The presidential campaign was a ripe time for Trump corporate marketing. Ivanka Trump's fashion line advertised on Twitter encouraging shoppers to buy the dress she wore during her Republican National Convention speech.

      In the first months of Trump's campaign, revenue at his palatial Florida resort, Mar-a-Lago, nearly doubled, and his book, "Crippled America," drew in millions of dollars in royalties, financial disclosure filings showed.

      But the promotional spots since Trump's electoral victory reveal the many potential entanglements that could influence the businessman's presidency.

      During the "60 Minutes" interview Sunday, Ivanka Trump sought to maintain her connection to the licensing and merchandising deals she had forged as a businesswoman in her father's image.

      When asked if she would assume a role in Trump's White House, Ivanka Trump said she would not, adding, "I'm going to be a daughter. But I've said throughout the campaign that I am very passionate about certain issues and I want to fight for them."

      "Wage equality, child care, these are things that are really important to me," added Ivanka, a Trump company executive vice president who also runs her own lines for clothing, shoes and handbags. "There are a lot of things that I feel really strongly about, but not in a formal administrative capacity."

      In a statement to The Post, Abigail Klem, president of the Ivanka Trump brand, said the notification about the bracelet “was sent by a well-intentioned marketing employee at one of our companies who was following customary protocol, and who, like many of us, is still making adjustments post-election. We are proactively discussing new policies and procedures with all of our partners going forward.”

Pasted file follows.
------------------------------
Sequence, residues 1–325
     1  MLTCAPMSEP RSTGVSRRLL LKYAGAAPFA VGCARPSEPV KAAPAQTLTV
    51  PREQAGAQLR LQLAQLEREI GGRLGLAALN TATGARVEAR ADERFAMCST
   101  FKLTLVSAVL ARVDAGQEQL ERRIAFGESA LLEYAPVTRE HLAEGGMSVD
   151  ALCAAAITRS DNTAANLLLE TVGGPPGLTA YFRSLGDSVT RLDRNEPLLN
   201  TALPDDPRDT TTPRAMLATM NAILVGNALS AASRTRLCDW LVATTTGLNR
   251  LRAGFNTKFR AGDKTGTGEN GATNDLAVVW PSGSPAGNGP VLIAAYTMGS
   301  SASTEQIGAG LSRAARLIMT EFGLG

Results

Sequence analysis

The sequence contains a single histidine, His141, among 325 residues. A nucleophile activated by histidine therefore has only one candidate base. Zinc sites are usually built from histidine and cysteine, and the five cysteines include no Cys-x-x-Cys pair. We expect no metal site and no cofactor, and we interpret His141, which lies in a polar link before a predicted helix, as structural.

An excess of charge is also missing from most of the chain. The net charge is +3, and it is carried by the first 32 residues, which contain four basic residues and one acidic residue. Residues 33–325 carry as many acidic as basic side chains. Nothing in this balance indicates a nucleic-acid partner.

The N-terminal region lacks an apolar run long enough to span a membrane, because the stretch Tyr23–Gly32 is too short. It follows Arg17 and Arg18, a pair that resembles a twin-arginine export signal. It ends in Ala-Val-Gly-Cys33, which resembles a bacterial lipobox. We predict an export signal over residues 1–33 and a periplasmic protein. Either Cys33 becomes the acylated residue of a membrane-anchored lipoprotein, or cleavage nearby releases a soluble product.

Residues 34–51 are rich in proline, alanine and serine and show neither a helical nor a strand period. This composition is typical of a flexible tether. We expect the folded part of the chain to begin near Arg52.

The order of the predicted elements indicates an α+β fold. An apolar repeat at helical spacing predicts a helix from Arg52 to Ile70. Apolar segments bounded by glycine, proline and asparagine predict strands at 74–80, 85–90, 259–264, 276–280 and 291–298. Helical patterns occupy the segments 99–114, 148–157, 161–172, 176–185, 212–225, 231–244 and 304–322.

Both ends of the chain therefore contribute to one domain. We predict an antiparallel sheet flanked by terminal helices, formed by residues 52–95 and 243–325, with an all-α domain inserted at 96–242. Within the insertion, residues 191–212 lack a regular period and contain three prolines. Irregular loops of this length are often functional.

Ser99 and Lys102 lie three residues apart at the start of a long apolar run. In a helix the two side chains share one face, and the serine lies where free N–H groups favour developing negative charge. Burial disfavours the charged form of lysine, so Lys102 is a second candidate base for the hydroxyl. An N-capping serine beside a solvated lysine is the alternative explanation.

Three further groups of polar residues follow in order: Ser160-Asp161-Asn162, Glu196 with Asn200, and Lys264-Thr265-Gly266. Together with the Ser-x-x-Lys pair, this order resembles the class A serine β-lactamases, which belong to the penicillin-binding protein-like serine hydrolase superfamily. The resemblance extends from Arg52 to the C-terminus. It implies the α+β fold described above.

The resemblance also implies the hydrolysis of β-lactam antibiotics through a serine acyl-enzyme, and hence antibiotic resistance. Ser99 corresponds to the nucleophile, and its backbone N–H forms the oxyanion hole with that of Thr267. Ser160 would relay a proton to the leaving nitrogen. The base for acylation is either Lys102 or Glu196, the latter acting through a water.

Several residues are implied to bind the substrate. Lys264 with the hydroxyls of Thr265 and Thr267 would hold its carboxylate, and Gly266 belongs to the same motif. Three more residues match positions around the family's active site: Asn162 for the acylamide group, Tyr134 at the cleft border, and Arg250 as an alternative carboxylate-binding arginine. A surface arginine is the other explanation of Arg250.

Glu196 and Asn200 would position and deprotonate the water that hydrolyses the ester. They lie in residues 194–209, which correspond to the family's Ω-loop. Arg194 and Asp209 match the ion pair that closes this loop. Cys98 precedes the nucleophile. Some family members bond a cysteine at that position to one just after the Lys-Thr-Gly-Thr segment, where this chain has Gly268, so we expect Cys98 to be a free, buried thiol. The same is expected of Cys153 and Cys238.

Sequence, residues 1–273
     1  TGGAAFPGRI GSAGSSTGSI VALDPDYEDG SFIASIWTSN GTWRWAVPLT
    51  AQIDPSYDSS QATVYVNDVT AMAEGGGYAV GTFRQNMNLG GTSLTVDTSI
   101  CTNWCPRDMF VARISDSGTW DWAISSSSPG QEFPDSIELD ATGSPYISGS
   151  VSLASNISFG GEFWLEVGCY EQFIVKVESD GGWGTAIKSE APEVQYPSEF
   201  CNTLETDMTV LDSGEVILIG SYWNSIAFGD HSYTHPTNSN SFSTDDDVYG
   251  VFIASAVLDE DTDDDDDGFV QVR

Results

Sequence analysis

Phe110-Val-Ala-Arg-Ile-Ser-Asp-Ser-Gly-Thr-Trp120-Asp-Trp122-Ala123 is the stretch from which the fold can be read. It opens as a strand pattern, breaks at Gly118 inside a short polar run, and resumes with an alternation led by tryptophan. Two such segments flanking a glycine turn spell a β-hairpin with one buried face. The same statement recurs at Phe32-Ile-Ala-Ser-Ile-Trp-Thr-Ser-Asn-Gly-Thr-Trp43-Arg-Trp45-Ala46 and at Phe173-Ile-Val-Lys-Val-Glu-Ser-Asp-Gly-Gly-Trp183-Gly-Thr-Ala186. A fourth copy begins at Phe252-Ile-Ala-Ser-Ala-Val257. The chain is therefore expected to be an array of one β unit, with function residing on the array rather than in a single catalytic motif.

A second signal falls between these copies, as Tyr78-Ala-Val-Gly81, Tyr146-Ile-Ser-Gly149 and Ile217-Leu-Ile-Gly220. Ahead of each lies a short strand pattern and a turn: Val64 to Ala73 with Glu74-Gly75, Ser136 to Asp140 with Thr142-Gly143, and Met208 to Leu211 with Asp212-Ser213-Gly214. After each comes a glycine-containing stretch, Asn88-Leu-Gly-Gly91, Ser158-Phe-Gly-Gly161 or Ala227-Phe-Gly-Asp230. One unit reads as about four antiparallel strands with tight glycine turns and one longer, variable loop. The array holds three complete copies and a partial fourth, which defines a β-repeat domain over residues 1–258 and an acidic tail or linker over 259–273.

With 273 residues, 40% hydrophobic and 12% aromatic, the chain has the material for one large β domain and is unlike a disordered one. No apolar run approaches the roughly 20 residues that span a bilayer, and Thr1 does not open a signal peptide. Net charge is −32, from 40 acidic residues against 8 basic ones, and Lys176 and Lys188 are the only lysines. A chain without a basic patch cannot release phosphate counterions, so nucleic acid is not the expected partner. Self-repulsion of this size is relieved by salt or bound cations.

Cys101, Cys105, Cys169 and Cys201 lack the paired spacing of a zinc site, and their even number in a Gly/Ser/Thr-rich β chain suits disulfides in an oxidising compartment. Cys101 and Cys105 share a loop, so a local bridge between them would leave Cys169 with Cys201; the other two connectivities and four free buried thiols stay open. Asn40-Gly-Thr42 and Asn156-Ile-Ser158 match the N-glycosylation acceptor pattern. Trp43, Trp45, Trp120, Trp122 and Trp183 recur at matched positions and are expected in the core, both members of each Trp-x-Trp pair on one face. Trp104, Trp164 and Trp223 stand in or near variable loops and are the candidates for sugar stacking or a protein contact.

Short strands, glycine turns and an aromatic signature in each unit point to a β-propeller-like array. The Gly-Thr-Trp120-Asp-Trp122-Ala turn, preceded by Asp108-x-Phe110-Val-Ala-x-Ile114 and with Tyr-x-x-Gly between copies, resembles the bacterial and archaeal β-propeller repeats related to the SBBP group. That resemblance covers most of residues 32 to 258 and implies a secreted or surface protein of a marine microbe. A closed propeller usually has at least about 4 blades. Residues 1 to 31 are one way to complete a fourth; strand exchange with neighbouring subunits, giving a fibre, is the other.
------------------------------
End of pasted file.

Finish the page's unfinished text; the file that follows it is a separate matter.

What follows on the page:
There is nothing illegal about the advertisements. Conflict-of-interest laws do not block a president from involving himself in matters that could boost his private companies' wealth or prominence.

      Trump has also resisted the tradition set by most presidents before him of selling or handing over his assets into a "blind trust" controlled by an independent manager. He said he intends to give control of his companies to Ivanka and his other children, an arrangement that ethics experts say does little to put distance between Trump's presidential decision-making and personal estate.

      Though some Trump companies have faced growing boycotts, Ivanka Trump's brands have seemingly gained a generous boost in attention during her father's campaign. The retail site ShopRunner said interest in the Ivanka Trump Collection had exploded in recent months.
      With Ivanka’s jewelry ad, Trump companies begin to seek profit off election result – Washington Post | World Incidents
      I encourage all Trumpeteers to rub their nickles together and each order one of Ivanka's bangles for the holidays.